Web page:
Editorial Board   

Ms. Bulls Dixon

Gayle Bulls Dixon

Owner/Founder, Breathe Spa Management Company

As a former Fortune 100 executive, leadership consultant and entrepreneur, Gayle Bulls Dixon's business acumen and wellness philosophy find an uncommon melding in the Breathe Spa concept, which she created in 2002. Already a partner in Dixon Entities, which owns and manages real estate investments including the Daufuskie Island Resort & Breathe Spa off the coast of Hilton Head Island, South Carolina, Ms. Dixon was perplexed to find a lack of qualified spa management companies that satisfied her requirements for service, partnership, vision and profitability. Shortly after opening the Breathe Spa at the exclusive Daufuskie Island Resort, Ms. Dixon began receiving requests for spa management assistance from other resort owners. "It became apparent that there was significant interest in the Breathe Spa concept, as well as in a spa management company that focused on both impeccable service and profitability," she says. "I created Breathe Spa Management Company (BSMC), which is a full-service destination spa and spa management company because the market led me to do so. It is successful because I have both the financial and management background to lead the team that I have assembled, consisting of great leaders with direct experience managing upscale spas." Ms. Dixon's professional background includes executive level positions in the U.S., London and Venezuela with international corporations like AT&T, IBM and Qwest. She also founded Learning, Inc., a consulting firm specializing in leadership and corporate reorganizations, in 1996. In addition to the executive roles in BSMC and Dixon Entities, Ms. Dixon presents to and is involved with business and women's organizations, and she recently spoke at the 2004 China-U.S. Women's Leadership Conference in China. She is anticipating the release of her first book in 2005, which examines how women business leaders can best focus their feminine strengths to their advantage in a male-dominated business climate. She also has a television pilot in the works which explores various aspects of increased spirituality. Ms. Dixon received a bachelor's degree in management from California Coast University; a mini-MBA from Wharton School of Business at the University of Pennsylvania, and is a graduate of the Entrepreneur's Program of Southern Methodist University in Dallas. She resides with her husband Bill in the San Francisco Bay area.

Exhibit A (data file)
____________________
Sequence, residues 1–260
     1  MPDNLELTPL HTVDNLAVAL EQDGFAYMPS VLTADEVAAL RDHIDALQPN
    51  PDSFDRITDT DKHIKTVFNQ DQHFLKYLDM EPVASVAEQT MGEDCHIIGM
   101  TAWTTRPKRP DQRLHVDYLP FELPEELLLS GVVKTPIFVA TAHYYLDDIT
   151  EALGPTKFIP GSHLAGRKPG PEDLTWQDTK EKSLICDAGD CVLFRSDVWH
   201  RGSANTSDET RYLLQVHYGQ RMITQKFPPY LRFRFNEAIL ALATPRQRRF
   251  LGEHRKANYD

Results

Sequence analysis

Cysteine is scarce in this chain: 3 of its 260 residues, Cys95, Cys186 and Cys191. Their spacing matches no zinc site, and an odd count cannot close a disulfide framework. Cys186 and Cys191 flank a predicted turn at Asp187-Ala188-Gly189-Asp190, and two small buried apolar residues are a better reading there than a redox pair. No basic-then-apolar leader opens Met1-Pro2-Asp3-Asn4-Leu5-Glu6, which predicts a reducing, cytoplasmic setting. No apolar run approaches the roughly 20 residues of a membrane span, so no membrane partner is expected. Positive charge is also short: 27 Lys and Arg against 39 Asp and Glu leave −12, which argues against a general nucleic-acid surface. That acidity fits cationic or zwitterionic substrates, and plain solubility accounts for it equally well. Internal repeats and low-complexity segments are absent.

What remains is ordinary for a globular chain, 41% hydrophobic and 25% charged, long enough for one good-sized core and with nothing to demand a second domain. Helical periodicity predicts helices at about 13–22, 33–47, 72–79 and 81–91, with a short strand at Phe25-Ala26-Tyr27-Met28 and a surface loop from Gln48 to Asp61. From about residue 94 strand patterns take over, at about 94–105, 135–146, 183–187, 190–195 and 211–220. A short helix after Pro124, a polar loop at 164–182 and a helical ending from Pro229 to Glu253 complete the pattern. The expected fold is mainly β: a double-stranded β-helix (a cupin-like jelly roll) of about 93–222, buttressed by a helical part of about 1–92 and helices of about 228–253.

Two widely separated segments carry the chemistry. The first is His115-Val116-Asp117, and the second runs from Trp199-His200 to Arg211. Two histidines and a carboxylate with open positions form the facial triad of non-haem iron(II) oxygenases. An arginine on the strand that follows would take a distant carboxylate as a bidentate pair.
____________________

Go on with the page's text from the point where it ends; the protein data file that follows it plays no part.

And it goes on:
Ms. Bulls Dixon can be contacted at 415-789-5224 or gayledixon@dixonentities.com

Coming up in November 2019...

Architecture & Design: Biophilic Design

The hospitality industry is constantly evolving to meet and exceed guest expectations. As a result, hotels are always on the lookout for new ways to improve the guest experience, and architecture and design is an essential part of this equation. Bold design is often the most effective way to make an exceptional first impression - an impression guests use to distinguish between brands. One design trend that is being embraced worldwide has become known as “Biophilic Design.” Biophilic design is based on the concept of biophilia, which is the theory that human beings have an innate tendency to seek out nature, natural elements, and natural forms. Biophilic design is more than hotels simply adding a surplus of plants; it involves incorporating specific design elements into a hotel in order to imbue it with a sense of wellness and well-being. Some of those elements include exposure to natural lighting; views of nature and rooms with a view; natural architectural patterns; salvaged or reclaimed woods of all types; reclaimed metals; sustainably sourced stone; living green walls and vertical gardens; and direct and indirect exposure to nature. Hotels that have incorporated biophilic design into their properties are reaping the benefits associated with this trend including reduced stress responses, better air quality, lower energy costs, and more positive guest reviews. Biophilic design has also been shown to improve guest moods and to satisfy consumer demand for environmental responsibility. Savvy hotel owners and managers are aware that nature-inspired elements enhance their guests' comfort and well-being, which is why this trend is becoming so prevalent. Biophilic design is just one topic in the fields of hotel architecture and design that will be examined in the November issue of the Hotel Business Review.